Mumbai Diary: Sunday Dossier
The city - sliced, diced and served with a dash of sauce
Twinning in white, this couple is wedding ready
Actors Deepika Padukone and Ranveer Singh leave the city for Italy where their wedding is scheduled to take place on November 15. Singh, we learn, posed for the shutterbugs as he played 'Mehendi laga ke rakhna' on his car's music system. Pics/Satej Shinde
Freddo-style of appreciating opponents must come back in style
The West Indies play the last game of their India tour at the Chidambaram Stadium in Chennai which hosts the third T20 international today. Though the erstwhile kings of cricket stay at the bottom of the cricket charts, they are one side that most cricket fans want to see back on top. Why is it so? Probably it's to do with the way they play - to entertain at all times - and the fact that they are always cheerful. West Indians over the years have also been known for their sporting behaviour.
Brian Lara, their greatest batsman in the modern era, didn't wait for the umpire's decision to make his way to the pavilion; he was a 'walker'. Roy Fredericks, who pundits reckon used to bat like Lara (or let's say Lara used to bat like him), was a great character too.
When Australia's gritty batsman Bruce Laird hit a hundred against the West Indies in the Caribbean leg of Kerry Packer's World Series Cricket in 1979, Fredericks walked up to his opposing team's wicketkeeper Rodney Marsh and said, "Tell Stumpy (Laird), I wish I'd played that innings." Now Fredericks didn't talk much during games, but he went out of his way to appreciate an opponent's brilliance. Today, world cricket marks Fredericks's 76th birth anniversary. Wish there were more like you, Freddo.
Stories of courage
New Delhi-based Ashok Alexander, who for several years headed Avahan, the ambitious Bill & Melinda Gates Foundation's programme to stem the growth of the HIV epidemic in India, is all set to put his experiences together in a new book, titled A Stranger Truth: Lessons in Love, leadership and Courage from India's Sex Workers. The Juggernaut title, slated for release on World Aids Day (December 1), is a collection of poignant stories of sex workers, whom Alexander encountered during his years with Avahan. The book, which has already won early praise from Bill Gates and writer Amitav Ghosh, is told through a protagonist, who connects the different stories that take place in five different states, including Maharashtra.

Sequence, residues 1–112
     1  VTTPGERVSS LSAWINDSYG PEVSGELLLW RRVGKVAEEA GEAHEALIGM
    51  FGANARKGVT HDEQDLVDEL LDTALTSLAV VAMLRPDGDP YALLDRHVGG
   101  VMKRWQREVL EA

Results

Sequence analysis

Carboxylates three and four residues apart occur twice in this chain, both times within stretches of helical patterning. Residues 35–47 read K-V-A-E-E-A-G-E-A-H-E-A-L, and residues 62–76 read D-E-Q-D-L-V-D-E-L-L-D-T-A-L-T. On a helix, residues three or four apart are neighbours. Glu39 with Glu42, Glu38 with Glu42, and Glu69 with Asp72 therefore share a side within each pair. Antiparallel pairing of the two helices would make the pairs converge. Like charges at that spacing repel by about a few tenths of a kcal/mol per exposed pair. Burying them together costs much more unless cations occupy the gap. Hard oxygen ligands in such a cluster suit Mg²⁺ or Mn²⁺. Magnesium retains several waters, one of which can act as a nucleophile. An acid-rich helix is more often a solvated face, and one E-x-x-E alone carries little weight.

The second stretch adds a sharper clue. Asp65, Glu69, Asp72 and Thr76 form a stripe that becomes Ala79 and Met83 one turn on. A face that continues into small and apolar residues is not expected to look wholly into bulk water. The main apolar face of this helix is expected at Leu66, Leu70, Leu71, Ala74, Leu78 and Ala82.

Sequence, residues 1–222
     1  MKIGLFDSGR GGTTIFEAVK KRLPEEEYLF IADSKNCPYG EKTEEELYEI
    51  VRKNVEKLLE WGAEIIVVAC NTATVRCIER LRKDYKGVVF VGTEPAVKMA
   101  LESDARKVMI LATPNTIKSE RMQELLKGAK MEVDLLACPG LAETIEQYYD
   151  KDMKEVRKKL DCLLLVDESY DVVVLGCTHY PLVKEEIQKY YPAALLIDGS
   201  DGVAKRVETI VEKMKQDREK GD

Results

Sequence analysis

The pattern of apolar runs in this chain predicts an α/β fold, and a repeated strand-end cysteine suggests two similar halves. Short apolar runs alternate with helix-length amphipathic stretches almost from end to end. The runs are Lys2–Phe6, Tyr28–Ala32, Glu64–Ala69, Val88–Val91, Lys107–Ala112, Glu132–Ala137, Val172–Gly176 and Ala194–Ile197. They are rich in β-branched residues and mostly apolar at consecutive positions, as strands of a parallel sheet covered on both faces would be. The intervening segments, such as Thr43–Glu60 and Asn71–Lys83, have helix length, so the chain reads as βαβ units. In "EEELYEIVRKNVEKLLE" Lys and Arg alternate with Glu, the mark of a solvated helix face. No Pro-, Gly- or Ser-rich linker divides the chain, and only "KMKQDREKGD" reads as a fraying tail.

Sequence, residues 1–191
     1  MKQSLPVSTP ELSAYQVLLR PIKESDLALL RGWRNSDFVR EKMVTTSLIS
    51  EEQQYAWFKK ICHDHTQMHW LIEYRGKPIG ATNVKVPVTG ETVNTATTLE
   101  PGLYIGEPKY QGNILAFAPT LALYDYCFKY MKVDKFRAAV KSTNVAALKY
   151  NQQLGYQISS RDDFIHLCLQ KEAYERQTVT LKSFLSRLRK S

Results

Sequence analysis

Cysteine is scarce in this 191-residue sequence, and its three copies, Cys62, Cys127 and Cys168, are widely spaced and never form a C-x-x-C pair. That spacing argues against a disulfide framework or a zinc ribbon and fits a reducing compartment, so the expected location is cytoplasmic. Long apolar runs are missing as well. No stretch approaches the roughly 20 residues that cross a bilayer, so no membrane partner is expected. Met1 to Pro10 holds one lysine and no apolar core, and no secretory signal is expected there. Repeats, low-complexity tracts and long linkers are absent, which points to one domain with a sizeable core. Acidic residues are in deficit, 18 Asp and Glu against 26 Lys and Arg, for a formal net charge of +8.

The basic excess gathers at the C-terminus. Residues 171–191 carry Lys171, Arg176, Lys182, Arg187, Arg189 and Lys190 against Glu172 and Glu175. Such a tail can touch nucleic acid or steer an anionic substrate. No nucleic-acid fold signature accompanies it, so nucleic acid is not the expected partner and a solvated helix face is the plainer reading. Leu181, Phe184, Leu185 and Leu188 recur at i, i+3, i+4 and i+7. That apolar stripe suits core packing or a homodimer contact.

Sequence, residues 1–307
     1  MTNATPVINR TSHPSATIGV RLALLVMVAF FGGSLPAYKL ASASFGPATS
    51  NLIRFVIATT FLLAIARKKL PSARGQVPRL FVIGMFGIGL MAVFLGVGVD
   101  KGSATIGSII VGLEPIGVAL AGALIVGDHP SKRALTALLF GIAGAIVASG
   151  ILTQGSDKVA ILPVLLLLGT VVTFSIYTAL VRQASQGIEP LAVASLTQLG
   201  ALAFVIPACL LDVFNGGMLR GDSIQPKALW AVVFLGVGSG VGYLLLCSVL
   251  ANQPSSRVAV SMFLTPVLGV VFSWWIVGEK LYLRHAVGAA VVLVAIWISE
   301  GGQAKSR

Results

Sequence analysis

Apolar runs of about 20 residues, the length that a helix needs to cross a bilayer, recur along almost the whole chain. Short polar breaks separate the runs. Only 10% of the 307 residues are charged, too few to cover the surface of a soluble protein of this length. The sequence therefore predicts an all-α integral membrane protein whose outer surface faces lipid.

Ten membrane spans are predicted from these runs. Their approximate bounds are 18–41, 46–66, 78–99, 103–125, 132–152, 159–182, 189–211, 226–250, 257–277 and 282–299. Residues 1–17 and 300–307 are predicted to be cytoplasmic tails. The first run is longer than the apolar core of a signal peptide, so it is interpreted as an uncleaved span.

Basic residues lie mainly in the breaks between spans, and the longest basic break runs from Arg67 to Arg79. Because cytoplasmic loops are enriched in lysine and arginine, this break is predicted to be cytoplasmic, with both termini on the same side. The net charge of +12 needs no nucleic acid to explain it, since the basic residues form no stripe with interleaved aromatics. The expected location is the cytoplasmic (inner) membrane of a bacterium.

Sona Goldar. COURTESY PADMAJA/PIC BY KOUSHIK SARKAR
The oh-so fashionable state of liberty
When you have dames dressed up to the nines, you need a location to go with it. Which is why we loved Padmaja Krishnan's new collection, Phantom of Liberty, which has been shot at Liberty Cinema. With actor Mita Vasisht and model Sona Goldar looking rather dreamy in muted handwoven sarees and dresses, the collection blends beautifully with the Art Deco venue. "Liberty represented the mood for the collection," says Krishnan. "Which was to look in the eye of odds and recognise them as compatible. [The two are] simple and sophisticated, beautiful and imperfect, classic and contemporary, shiny and matte, strong and graceful. The inspiration for the collection is the metallic skin of burnt aubergine, the aromas from an iron skillet, the paprika from roasted bell peppers. Even though it's diverse, it comes together in a strange sort of way."
Sunday brunch with a cause
Taking the karma cleansing mantra quite seriously, Worli's Light House Cafe has started Family Brunch with a Purpose. This special Sunday brunch, on throughout November, does not only guarantee good continental and Italian cuisine from Light House Cafe and Maharashtrian cuisine by Chaitanya Bhojnalay, but comes with a twist. Every penny the customers spend will be given to those who need it the most.
Parenting portal SuperMOM Mitali has come up with this concept in association with Riday Foundation, aiming towards helping the underprivileged kids in the Purushwadi village of Kolad in Maharashtra, and Malad's Animals Matter To Me.
Karan Dharod (in pic), co-owner of the cafe, shares, "The first event saw a lot of success. There was a waiting list for people to get in. The idea is to help families spend quality time, as well as give them an opportunity to give back to society."
The other side
Last May, when television actor Ashish Sharma and wife Archana released the first look of Khejdi, where he plays the role of a transgender, fans went into a tizzy. Seven months later, the appreciation continues. This time, from the international film circuit. After being the only opening Indian film at Germany's Homochrom festival, it'll now be showcased at the Dhaka Film Festival. "We shot the film in a hamlet in Rajasthan, and, during the process, learnt about the atrocities, the discrimination and the myths surrounding them, all of which shook us. It was time we told a story from their perspective," says Sharma.
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